I’m pretty sure one of the main reasons programmers write blogs is using them as yet another excuse to tinker with their favourite languages and tools: i know one of them quite well.
The only way i would muster energy enough to produce a sequel to programming-musings was, i knew, finding a blog engine i could host and interact with in the manner Emacs has taught me to expect from any software tool worth its salt.
Tekuti was my first temptation, but i don’t really want to hack on the web server side of blogging, nor write my posts in HTML or stash them in a Git repo.
So i knew a static blog generator was my thing, and i also knew i wasn’t interested in those written in Python or Ruby, and for a while Hakyll sounded like the natural choice. After all, Haskell one of those languages i cherish, and Hakyll would let me write my posts within the comfy limits of Emacs using markdown1.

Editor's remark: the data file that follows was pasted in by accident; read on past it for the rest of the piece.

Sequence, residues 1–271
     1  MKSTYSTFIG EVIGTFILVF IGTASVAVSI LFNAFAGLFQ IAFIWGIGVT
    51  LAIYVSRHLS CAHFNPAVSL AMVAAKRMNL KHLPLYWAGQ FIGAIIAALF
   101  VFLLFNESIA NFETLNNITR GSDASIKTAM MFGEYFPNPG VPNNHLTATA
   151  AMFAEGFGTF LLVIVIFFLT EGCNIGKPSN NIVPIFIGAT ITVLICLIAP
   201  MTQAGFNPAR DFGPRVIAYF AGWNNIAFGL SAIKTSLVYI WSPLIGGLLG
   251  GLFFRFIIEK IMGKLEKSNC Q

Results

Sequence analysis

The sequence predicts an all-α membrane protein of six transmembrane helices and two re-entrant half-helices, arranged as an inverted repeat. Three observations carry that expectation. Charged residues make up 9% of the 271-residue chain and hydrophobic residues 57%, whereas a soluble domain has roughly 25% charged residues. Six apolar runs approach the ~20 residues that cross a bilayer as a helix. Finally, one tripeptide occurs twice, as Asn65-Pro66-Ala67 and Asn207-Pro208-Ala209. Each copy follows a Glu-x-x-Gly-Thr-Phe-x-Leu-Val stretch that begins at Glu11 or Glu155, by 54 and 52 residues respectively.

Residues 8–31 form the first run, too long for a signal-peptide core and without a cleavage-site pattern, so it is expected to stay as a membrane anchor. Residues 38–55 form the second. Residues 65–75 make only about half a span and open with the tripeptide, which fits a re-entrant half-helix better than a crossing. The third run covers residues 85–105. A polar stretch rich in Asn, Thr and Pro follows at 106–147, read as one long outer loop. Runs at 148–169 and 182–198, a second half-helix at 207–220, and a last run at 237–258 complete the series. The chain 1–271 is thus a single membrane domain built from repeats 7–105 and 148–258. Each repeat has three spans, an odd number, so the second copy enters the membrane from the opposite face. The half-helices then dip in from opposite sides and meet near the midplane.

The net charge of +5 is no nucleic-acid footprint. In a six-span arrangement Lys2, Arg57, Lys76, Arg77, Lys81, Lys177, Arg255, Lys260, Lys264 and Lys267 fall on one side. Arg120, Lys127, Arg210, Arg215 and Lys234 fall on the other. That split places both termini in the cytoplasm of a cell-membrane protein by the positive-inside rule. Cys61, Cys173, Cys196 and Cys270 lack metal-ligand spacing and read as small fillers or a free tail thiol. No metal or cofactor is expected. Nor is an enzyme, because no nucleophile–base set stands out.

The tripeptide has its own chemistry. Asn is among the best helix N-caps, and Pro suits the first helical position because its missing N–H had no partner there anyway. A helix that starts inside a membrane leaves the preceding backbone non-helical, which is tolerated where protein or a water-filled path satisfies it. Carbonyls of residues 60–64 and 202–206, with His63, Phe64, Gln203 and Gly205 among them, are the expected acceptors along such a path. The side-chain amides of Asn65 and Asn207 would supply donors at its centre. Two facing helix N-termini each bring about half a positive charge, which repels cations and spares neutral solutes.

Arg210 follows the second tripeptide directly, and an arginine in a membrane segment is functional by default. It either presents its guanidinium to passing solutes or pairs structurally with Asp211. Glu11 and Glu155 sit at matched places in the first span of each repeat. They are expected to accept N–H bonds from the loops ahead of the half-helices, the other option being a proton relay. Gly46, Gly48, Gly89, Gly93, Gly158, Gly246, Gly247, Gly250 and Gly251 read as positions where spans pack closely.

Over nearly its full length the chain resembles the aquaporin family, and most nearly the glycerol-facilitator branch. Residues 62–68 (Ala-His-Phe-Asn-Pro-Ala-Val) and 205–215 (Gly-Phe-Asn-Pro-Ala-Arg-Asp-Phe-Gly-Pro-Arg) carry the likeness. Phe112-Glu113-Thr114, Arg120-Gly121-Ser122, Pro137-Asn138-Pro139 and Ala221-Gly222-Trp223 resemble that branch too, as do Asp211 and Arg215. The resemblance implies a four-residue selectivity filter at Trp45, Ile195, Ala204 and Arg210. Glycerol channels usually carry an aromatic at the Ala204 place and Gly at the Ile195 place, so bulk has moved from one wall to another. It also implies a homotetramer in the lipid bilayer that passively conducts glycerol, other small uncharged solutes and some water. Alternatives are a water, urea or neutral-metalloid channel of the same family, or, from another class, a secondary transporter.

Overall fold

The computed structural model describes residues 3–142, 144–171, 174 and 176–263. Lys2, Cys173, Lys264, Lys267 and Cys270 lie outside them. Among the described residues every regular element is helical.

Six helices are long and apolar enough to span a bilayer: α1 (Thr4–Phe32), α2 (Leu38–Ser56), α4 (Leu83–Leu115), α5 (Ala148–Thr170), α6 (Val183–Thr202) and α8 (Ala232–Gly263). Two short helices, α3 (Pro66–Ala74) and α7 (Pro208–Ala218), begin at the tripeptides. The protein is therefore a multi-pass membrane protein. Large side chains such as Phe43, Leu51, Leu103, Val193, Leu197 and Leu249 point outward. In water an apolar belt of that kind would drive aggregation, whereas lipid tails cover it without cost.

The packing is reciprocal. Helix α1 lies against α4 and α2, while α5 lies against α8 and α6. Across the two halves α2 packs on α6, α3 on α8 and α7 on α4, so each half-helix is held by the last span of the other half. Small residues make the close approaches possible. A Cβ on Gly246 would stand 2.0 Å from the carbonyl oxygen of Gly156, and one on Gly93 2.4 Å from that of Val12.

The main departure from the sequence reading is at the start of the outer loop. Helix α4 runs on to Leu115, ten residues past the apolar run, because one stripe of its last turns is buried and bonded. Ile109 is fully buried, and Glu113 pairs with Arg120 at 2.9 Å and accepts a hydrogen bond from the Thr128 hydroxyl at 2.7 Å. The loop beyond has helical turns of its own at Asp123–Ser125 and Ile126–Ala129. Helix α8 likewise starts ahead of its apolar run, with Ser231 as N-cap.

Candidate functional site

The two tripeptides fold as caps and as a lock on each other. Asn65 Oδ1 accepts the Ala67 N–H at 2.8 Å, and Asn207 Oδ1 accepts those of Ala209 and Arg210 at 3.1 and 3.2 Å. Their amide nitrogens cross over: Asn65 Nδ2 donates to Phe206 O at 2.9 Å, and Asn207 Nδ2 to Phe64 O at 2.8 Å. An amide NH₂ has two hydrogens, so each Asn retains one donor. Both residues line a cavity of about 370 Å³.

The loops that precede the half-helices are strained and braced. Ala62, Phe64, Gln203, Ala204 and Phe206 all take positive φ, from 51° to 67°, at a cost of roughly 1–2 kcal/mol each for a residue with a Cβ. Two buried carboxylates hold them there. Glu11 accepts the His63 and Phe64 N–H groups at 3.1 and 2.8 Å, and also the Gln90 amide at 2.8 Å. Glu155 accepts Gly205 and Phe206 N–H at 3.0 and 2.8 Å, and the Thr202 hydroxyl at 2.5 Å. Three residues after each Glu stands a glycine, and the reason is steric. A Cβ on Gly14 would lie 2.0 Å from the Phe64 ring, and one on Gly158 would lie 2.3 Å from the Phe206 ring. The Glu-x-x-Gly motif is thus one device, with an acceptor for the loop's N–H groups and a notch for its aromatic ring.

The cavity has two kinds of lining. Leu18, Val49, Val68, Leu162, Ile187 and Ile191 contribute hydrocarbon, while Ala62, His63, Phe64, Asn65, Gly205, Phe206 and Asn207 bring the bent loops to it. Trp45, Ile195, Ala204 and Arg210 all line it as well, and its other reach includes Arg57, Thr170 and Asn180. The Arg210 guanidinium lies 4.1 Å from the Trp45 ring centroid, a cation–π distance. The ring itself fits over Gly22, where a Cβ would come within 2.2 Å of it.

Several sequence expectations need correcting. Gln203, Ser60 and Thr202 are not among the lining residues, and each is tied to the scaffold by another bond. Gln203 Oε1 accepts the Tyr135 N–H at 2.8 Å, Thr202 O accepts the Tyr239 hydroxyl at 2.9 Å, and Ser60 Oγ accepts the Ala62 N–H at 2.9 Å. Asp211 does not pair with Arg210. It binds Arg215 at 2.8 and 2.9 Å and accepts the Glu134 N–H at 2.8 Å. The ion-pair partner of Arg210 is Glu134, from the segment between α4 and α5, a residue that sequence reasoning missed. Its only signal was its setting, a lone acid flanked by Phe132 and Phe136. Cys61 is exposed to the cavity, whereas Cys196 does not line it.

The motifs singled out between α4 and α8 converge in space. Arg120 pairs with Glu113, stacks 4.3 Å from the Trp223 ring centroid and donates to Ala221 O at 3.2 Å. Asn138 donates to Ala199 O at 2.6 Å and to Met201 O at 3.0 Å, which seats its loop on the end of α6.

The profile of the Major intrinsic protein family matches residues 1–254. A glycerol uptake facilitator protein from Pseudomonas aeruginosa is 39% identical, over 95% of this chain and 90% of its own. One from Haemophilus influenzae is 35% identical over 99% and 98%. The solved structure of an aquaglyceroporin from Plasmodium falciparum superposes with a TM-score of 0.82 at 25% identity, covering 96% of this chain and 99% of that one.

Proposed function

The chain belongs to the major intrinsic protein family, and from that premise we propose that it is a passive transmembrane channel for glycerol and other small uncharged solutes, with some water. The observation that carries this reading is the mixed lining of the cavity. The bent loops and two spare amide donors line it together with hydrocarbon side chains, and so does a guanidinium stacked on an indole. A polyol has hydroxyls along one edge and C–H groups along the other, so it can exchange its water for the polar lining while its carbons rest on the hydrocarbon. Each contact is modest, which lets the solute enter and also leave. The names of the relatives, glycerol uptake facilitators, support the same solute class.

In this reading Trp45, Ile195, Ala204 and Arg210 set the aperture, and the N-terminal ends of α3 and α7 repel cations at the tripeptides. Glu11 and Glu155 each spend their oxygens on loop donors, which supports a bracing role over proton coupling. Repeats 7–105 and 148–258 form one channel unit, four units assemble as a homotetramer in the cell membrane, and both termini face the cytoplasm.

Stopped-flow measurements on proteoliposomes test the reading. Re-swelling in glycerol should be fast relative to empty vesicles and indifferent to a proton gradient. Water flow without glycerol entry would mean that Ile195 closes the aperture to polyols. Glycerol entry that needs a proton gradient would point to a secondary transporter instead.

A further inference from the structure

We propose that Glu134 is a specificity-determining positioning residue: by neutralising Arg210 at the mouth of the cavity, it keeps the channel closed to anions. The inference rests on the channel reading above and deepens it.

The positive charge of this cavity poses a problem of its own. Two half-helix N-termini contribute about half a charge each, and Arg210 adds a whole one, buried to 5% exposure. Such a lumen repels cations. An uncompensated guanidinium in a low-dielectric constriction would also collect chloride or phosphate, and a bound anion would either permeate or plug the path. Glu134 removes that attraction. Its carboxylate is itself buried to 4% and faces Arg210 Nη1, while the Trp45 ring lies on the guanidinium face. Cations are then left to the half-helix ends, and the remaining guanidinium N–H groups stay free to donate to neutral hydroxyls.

And yet, when it comes to tinker with the environment as lively as possible, nothing beats a lispy language, and it was with unconcelaed glee that i received the discovery of a static site generator written in The Language Formerly Known As Scheme (which, as lisps go, is an excellent one): Greg Hendershott’s Frog.
With Frog i can not only edit my posts inside Emacs, where i already have a handful of home-brewed helpers on top of markdown-mode that i can grow as needed, but actually hack on the Racket implementation using Geiser, adapting it to my exact needs and, when they overlap with those of Greg and other Frog users, contribute back something useful.
What’s not to blog?
Let me confess a little secret: much as i, as an Emacs devotee, admire what
org-modecan do, i actually prefer simpler packages and formats for writing—to my taste,
org-modeis growing too complex even by Emacs packages standards. ↩